Inequality: My Unfair Disadvantage, Not Your Unearned Privilege
Efforts to address social inequalities in income, education and employment opportunity can be boosted simply by the manner in which that inequity is presented, according to new research from Duke University’s Fuqua School of Business.
If you benefit from an inequity, how you handle the situation could depend upon how it is described to you, Professor Ashleigh Shelby Rosette found.
Her study tested people’s willingness to surrender part of a bonus at work as a way of studying the presentation of an unjust imbalance or inequity.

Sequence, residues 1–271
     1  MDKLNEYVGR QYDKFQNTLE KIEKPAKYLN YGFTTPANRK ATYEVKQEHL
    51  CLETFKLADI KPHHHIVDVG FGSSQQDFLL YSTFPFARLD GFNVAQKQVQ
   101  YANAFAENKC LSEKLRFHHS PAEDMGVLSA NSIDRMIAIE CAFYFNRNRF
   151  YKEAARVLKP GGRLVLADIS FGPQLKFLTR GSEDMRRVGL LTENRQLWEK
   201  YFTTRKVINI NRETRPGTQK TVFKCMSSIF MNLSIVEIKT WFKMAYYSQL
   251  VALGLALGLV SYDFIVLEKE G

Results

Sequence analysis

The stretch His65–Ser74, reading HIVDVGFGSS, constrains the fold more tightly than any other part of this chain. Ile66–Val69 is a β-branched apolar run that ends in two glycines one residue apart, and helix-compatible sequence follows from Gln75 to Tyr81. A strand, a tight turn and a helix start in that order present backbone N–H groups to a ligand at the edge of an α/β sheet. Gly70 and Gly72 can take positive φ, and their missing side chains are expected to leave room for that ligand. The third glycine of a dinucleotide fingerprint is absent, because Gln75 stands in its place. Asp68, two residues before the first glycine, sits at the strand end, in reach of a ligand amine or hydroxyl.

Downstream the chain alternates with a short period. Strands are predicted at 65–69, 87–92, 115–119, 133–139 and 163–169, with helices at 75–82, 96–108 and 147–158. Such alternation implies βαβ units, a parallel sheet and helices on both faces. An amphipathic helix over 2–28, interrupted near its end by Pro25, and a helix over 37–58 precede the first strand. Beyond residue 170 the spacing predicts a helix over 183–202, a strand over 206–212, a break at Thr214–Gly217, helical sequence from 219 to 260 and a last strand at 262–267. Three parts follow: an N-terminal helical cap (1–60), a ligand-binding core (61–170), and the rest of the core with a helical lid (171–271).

“The manner in which you frame inequity or privilege, whether it’s focused on the self – my unearned privilege – or focused on the other – his or her unfair disadvantage – can influence the extent to which you want to rectify it,” Rosette said.
“When attempting to influence individuals who are in a position to help rectify financial and social inequity, the way in which you phrase it makes a difference,” Rosette said.
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